The Panthers’ secondary was plagued by more than injuries in Sunday’s 24-23 loss to Buffalo.
A communication breakdown in the defensive backfield doomed the Panthers on the game’s decisive play.
Buffalo rookie quarterback EJ Manuel’s 2-yard touchdown pass to Stevie Johnson came after two defensive backs failed to switch on the Bills’ rub route.
D.J. Moore, lined up opposite Johnson in the slot, anticipated the route – which the Bills had run earlier on the drive – based on Buffalo’s formation. TV replays showed Moore signaling to cornerback Josh Norman, who had man coverage on wideout Chris Hogan.
Moore said he wanted Norman to switch to Johnson on the corner route, with Moore covering Hogan on a drag pattern.
Instead, no one covered Johnson, who was wide open in the corner of the end zone for the game-winning score with two seconds left.
“Apparently Josh Norman didn’t play it. It’s one of those things, it’s a critical situation. You get a communication,” Panthers coach Ron Rivera said. “You’d like to believe the call’s made, you execute you the call, you’re in a position to help make a play.”
Norman said he never looked inside for the call.
“I was zoned in and he gave a call and he expected me to do something,” Norman said. “I didn’t expect (Moore) to get off. Just communication.”
Johnson Restructures: Defensive end Charles Johnson restructured his contract last week, converting about $6 million in salary to a signing bonus in a move that created $4.26 million in cap space for the Panthers, according to two league sources.
Johnson’s salary dropped from $6.75 million to $715,000 this season. His cap number dipped from $13 million to $8.74 million.
Carolina could be clearing space to sign defensive end Greg Hardy to a long-term deal. Hardy’s agent, Drew Rosenhaus, has been talking to the Panthers about an extension since spring.
Johnson signed a six-year, $76 million extension in 2011, the most lucrative deal in team history. With the restructuring, Johnson’s cap numbers increased by $1.42 million the next two years – to $16.42 million in 2014 and $17.42 million in 2015.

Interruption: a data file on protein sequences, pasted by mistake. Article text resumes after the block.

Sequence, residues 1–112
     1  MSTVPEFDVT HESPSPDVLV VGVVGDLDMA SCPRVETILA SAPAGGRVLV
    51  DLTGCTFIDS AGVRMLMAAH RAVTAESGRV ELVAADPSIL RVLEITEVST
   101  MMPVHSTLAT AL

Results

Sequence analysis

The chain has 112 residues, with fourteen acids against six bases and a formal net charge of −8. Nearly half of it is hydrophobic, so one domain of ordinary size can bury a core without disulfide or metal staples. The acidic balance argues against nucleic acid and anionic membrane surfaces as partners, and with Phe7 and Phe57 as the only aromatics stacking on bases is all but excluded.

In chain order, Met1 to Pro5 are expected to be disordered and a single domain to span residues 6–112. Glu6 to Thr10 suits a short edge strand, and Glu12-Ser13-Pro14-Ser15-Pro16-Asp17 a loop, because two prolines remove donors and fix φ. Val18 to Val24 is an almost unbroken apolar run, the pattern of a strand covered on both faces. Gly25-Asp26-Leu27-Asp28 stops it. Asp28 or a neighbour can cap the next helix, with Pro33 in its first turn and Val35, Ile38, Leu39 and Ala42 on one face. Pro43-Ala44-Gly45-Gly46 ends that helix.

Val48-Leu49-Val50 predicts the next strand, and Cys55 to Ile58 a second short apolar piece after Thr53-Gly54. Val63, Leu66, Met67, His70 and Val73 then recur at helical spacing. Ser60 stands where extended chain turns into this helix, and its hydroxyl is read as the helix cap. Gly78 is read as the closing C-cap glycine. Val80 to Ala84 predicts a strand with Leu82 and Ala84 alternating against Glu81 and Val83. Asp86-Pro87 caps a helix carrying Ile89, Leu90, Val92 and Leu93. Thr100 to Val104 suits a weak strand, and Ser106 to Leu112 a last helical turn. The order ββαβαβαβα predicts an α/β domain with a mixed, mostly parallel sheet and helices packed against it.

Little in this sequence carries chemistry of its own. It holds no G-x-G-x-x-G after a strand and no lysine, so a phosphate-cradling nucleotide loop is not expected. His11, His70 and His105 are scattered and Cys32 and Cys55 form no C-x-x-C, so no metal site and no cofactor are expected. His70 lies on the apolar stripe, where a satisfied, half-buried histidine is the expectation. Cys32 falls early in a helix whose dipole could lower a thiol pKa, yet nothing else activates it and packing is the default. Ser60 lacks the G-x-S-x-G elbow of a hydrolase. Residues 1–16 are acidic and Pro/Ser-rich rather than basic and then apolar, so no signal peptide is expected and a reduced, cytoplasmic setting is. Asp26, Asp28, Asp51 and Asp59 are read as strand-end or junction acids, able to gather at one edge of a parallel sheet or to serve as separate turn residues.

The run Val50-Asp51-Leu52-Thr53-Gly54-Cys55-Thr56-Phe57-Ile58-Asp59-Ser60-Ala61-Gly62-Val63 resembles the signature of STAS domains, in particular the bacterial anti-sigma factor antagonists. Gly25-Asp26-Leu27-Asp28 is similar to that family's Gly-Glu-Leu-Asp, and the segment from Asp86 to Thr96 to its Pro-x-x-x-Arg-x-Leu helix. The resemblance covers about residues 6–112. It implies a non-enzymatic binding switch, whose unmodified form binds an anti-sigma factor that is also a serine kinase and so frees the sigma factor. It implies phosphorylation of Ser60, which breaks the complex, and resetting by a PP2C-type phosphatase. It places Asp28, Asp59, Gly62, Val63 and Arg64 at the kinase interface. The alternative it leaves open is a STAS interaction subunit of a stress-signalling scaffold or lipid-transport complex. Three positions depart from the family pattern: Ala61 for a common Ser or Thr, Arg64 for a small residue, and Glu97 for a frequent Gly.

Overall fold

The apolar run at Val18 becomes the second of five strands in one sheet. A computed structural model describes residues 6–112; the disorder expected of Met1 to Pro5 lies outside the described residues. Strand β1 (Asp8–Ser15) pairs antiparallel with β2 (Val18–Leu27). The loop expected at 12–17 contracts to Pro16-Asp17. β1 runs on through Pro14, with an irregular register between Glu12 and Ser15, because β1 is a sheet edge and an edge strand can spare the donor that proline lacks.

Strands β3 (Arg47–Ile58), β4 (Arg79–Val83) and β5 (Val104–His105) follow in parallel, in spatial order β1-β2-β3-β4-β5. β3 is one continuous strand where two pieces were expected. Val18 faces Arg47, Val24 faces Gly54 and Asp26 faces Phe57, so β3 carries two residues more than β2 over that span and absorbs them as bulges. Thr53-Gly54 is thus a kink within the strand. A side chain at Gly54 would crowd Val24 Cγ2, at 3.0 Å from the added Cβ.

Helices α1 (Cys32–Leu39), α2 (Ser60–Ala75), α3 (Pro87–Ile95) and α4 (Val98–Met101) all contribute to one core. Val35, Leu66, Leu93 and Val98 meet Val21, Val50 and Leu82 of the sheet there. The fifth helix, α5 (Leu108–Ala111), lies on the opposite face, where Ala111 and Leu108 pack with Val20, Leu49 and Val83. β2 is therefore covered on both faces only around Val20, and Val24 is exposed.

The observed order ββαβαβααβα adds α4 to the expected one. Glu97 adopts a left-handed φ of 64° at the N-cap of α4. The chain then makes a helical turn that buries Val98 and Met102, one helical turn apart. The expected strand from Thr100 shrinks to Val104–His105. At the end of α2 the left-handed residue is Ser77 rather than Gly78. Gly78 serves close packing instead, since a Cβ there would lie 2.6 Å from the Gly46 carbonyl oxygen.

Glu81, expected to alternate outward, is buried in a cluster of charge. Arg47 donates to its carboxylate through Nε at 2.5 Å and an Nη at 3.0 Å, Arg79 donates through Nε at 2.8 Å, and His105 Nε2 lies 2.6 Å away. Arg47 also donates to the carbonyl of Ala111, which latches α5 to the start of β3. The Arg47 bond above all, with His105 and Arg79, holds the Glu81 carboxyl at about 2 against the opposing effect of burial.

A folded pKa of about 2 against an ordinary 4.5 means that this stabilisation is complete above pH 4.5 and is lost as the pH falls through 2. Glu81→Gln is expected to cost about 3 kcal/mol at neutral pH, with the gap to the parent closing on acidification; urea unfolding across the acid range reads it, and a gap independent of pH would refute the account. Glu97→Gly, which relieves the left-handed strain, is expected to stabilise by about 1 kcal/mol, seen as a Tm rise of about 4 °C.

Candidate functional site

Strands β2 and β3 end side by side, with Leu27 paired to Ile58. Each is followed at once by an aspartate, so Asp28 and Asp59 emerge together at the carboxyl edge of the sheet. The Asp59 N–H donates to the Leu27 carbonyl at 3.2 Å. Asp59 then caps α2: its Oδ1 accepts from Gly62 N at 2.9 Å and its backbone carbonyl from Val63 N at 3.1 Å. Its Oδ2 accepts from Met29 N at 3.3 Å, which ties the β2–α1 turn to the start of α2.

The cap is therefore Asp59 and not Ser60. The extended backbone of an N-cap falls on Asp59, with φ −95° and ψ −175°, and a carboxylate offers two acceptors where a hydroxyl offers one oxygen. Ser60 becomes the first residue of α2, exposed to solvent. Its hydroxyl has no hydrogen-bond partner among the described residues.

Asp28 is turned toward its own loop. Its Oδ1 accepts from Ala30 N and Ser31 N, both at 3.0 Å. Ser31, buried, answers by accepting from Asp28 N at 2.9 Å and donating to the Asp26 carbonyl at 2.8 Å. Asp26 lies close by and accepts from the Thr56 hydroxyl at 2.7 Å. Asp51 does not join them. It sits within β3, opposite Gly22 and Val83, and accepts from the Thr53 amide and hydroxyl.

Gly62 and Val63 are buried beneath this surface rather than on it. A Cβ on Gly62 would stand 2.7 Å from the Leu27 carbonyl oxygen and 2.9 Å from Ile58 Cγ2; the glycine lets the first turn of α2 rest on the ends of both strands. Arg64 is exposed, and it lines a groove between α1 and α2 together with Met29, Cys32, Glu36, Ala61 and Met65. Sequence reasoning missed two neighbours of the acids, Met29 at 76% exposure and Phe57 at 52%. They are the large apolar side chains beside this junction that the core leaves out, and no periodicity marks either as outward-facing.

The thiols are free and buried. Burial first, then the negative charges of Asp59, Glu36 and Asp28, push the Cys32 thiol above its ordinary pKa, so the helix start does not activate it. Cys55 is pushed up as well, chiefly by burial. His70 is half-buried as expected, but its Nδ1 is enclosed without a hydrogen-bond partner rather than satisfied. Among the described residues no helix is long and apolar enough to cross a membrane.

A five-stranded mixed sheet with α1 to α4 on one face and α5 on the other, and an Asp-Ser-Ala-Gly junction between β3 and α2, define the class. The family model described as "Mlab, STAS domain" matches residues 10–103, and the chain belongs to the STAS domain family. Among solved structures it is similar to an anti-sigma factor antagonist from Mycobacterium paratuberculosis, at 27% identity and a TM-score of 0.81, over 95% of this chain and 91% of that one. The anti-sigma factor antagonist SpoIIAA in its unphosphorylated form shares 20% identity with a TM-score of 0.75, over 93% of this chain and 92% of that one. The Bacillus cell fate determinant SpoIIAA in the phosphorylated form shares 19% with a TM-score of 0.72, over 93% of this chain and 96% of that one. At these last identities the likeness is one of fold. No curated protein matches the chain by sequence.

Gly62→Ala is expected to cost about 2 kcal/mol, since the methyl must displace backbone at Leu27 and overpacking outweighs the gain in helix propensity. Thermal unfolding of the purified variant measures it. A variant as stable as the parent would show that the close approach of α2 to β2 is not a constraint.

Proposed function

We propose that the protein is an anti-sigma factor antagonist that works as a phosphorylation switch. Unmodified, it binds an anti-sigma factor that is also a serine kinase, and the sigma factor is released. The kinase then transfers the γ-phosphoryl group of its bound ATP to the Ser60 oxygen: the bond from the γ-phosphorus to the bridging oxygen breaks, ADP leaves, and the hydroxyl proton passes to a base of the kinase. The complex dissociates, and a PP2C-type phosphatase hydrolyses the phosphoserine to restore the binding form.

No setback: Starting left guard Amini Silatolu said he suffered no setbacks after playing in his first game of the 2013 season on Sunday.
Silatolu had been battling a hamstring strain, but the second-year lineman returned to the team Sunday at Buffalo and felt he was effective – at least in the first half.
“Conditioning could have been better,” Silatolu said. “I felt good the first half. I got to step it up in the second.”
The Panthers offensive line had seen better days than the one it played against the Bills. While Carolina did muster 125 rushing yards on 32 attempts, quarterback Cam Newton was sacked six times, which was the second-most of his career.
Defensive tackle Marcell Dareus, linebacker Kiko Alonso and defensive end Mario Williams all had at least a half-sack on Newton, with Williams leading the way with a career-high 4 1/2 sacks.
“We struggled to contain Mario Williams,” Rivera said. “He had a big day against us. You have to give him credit. You’d like to say everyone can make that block against him or everybody can make that block against their linebacker, but again you got to give a little credit to your opponent.”
Kenjon hopeful: Sixth-round draft pick running back Kenjon Barner was optimistic he’d be ready to play Sunday in his first regular-season game.
Barner injured his foot in the Panthers’ third exhibition at Baltimore and has not seen the field since. He said he still has not run at full speed since the injury but has been working on the sidelines rehabbing during practices.
Last week, Rivera was hopeful Barner could return for the Giants game. Barner refuted conventional wisdom on Monday when asked if it’d be more logical to rest this week, take the bye and return in Week 5 at Arizona.
“I can’t help my team if I’m on the bench,” he said.
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